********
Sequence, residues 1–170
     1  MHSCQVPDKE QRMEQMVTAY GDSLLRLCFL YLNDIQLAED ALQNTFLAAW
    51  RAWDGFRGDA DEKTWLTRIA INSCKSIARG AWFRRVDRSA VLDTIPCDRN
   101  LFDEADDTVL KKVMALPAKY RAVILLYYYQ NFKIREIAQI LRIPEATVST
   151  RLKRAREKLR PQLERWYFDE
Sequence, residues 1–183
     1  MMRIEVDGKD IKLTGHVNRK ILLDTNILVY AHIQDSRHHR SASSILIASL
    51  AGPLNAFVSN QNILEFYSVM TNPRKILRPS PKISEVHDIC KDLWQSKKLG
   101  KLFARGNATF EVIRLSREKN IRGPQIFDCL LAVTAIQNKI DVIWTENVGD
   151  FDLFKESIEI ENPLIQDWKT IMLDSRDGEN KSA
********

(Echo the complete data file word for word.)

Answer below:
Sequence, residues 1–170
     1  MHSCQVPDKE QRMEQMVTAY GDSLLRLCFL YLNDIQLAED ALQNTFLAAW
    51  RAWDGFRGDA DEKTWLTRIA INSCKSIARG AWFRRVDRSA VLDTIPCDRN
   101  LFDEADDTVL KKVMALPAKY RAVILLYYYQ NFKIREIAQI LRIPEATVST
   151  RLKRAREKLR PQLERWYFDE
Sequence, residues 1–183
     1  MMRIEVDGKD IKLTGHVNRK ILLDTNILVY AHIQDSRHHR SASSILIASL
    51  AGPLNAFVSN QNILEFYSVM TNPRKILRPS PKISEVHDIC KDLWQSKKLG
   101  KLFARGNATF EVIRLSREKN IRGPQIFDCL LAVTAIQNKI DVIWTENVGD
   151  FDLFKESIEI ENPLIQDWKT IMLDSRDGEN KSA